Copyright © 2006 Pearson Education Canada Inc. 4-21 PW Comparisons for Independent Projects (con’t) Decision Rule: –Select any project that has a PW 0 Observe: –Projects with a positive PW yield a rate of return > MARR –Projects with a zero PW yield exactly the MARR –Projects with a negative PW yield less than the MARR
Copyright © 2006 Pearson Education Canada Inc. 4-22 Example 4-2 A software genius is selling the rights to a new video game that he is developing right now. He has a contract under consideration. It offers $10 000 at the end of each year for the next 5 years, and then $20 000 per year for the next 10 years. The genius has to pay $50 000 for development and testing up front. His MARR is 9% per year. Should he take the contract? Base your analysis on a Present Worth analysis.
Copyright © 2006 Pearson Education Canada Inc. 4-23 Example 4-2: Answer PW = -50 000 + 10 000(P/A,9%,5) + 20 000(P/A,9%,10)(P/F,9%,5) = -50 000 + 10 000(3.8896) + 20 000(6.4176)(0.64993) = 72 316 Since the present worth is non-negative, (PW = $72 316), he should take the contract.
Copyright © 2006 Pearson Education Canada Inc. 4-24 4.4.2 PW Comparisons for Mutually Exclusive Projects Engineers are frequently asked to select the best of several mutually exclusive projects Decision Rule: Pick the project which has the greatest PW at the MARR Remark: For minimum cost problems, pick the project which has the smallest present cost at the MARR
Copyright © 2006 Pearson Education Canada Inc. 4-25 Example 4-3 A software genius is selling the rights to a new video game that he is developing now. He has two contracts under consideration. The first offers $10 000 at each year-end for the next 5 years, and then $20 000 per year for the next 10 years. The second offers 10 payments starting with $10 000 at the end of year 1, $13 000 at the end year 2, and so forth (G = $3000). The genius must invest $50 000 now for development and testing for either option. If his MARR is 9%, which (if either) contract should he choose?
Copyright © 2006 Pearson Education Canada Inc. 4-26 Example 4-3: Answer Contract 1: PW(C1) = 72 316(as before) Contract 2: PW(C2) = -50 000 +10 000(P/A,9%,10) + 3000(A/G,9%,10)(P/A,9%,10) = -50 000(P/A,9%,10)[10 000 + 3000(A/G,9%,10)] = -50 000 + 6.418 [ 10 000 + 3000(3.798) ] = 87 295 The genius should choose the second contract as it has the higher PW.
Copyright © 2006 Pearson Education Canada Inc. 4-27 4.4.3 AW Comparisons AW comparisons are essentially the same as PW comparisons, except that all costs and benefits are transformed into a uniform series at the MARR. AW comparisons may lead to amounts which are easier to conceptualize than PW amounts. Sometimes there is no clear justification for using one method over the other except computational ease. Remember that “Annual Worth” may also be for periods different than a year (e.g. months).
Copyright © 2006 Pearson Education Canada Inc. 4-28 4.4.4 Comparison of Alternatives with Unequal Lives Projects must be compared over the same time period so that we properly take into account the full costs and benefits of each. –E.g. Compare two pieces of testing equipment for printed circuit boards. –One has a small first cost and a service life of 5 years, the other has a larger first cost and a service life of 7 years. –The need for the equipment continues indefinitely.
Copyright © 2006 Pearson Education Canada Inc. 4-29 Comparison of Alternatives with Unequal Lives (con’t) If the service lives of alternative projects are unequal, we can transform them into equal lives with one of two methods: Repeated Lives Approach: Repeat the service lives of each alternative over the least common multiple of the service lives (e.g., 35 years for the testing equipment) Study Period Approach: Adopt a study period for comparison. Note that we need a salvage value for the assets at the end of the study period.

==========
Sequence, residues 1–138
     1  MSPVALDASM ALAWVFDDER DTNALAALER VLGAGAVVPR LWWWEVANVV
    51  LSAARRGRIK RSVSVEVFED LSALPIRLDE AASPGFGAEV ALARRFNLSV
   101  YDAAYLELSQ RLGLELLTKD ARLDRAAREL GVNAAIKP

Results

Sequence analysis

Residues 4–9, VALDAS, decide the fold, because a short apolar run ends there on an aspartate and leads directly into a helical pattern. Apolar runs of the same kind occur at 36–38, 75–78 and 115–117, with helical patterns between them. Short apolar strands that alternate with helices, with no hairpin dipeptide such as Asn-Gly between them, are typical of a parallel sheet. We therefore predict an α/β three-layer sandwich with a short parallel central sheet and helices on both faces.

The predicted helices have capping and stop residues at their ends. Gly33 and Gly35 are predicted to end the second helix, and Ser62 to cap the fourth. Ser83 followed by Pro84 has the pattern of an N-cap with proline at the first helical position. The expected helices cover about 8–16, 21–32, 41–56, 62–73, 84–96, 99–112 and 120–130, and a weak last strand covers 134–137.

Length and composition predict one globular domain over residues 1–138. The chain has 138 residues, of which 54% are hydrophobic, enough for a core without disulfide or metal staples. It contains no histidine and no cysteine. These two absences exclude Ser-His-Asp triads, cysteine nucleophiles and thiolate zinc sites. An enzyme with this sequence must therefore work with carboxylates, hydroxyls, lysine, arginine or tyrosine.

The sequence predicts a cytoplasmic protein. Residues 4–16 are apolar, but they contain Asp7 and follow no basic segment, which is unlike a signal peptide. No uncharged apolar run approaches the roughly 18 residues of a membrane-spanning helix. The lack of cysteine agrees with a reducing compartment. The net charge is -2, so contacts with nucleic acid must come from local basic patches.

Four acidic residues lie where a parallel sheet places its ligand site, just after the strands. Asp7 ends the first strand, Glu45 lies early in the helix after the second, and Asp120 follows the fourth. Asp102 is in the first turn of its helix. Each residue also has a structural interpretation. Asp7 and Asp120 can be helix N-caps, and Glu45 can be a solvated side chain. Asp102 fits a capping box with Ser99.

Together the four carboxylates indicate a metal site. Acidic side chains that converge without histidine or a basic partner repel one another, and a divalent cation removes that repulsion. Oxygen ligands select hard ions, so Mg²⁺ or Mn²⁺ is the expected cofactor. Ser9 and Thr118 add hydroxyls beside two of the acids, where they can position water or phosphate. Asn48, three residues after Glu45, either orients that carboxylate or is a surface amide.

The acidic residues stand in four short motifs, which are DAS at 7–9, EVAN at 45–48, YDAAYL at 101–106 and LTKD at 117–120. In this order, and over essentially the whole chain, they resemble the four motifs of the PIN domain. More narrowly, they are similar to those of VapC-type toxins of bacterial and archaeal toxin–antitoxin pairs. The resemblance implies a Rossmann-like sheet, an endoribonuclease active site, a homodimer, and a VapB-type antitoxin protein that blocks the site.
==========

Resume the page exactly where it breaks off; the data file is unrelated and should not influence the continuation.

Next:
Copyright © 2006 Pearson Education Canada Inc. 4-30 Example 4-6 Sam is buying a refrigerator. He has two choices. A used one, at $475, should last about 3 years. A new one will cost $1250 and has an expected service life of 8 years. Sam will need a refrigerator for only 3 more years. At that time, he expects that the new refrigerator will have a resale value of $1000. Interest is at 8% per year. Which should Sam choose? Use a Present Worth comparison and the study period method
Copyright © 2006 Pearson Education Canada Inc. 4-31 Example 4-6: Answer PW (used) = 475 PW (new) = 1250 - 1000(P/F,8%,3) = 1250 - 1000(0.793 83) = 456.17 The new refrigerator has the smallest present worth of costs, and is thus preferable.
Copyright © 2006 Pearson Education Canada Inc. 4-32 4.5 Payback Period Payback period: The number of years for the first cost of an investment to be recovered. If annual benefits are constant: If annual benefits are not constant, the payback period is computed by accumulating each year’s savings until the first cost is recovered. Commonly used, easy to understand, but ignores interest (This is the only place in this course where we ignore the time value of money!)
Copyright © 2006 Pearson Education Canada Inc. 4-33 Payback Period (con’t) Companies often set a “hurdle” payback period (e.g., 2 years). Projects that have a payback period greater then the hurdle are not considered viable. The best project of several mutually exclusive ones is the project with the shortest payback period.
Copyright © 2006 Pearson Education Canada Inc. 4-34 Example 4-8 Two independent investment opportunities are shown below. What is the payback period for each? If you require a 3 year payback period, should none, either or both be purchased? Machine AMachine B First cost$15 000$20 000 Revenues (annual)900011 000 Annual costs60008000 Scrap value10002000 Service life5 years10 years
Copyright © 2006 Pearson Education Canada Inc. 4-35 Example 4-8: Answer Machine A: First cost = $15 000 Annual net benefits = 9 000 - 6 000 = $3 000 Payback period = (15 000)/(3 000) = 5 years Machine B: First cost= $20 000 Annual net benefits= $11 000 - 8 000 = $3 000 Payback period = (20 000)/(3 000) = 6.7 years (or, 7 years if you assume cash flows occur at year- end). Therefore you should not invest in either (paybacks too long).
Copyright © 2006 Pearson Education Canada Inc. 4-36 Summary Relations Among Projects Minumum Acceptable Rate of Return (MARR) Present Worth and Annual Worth Comparisons –Comparsions for Independent Projects –Comparisons for Mutually Exclusive Projects –Comparsons of projects with unequal service lives Payback period comparisons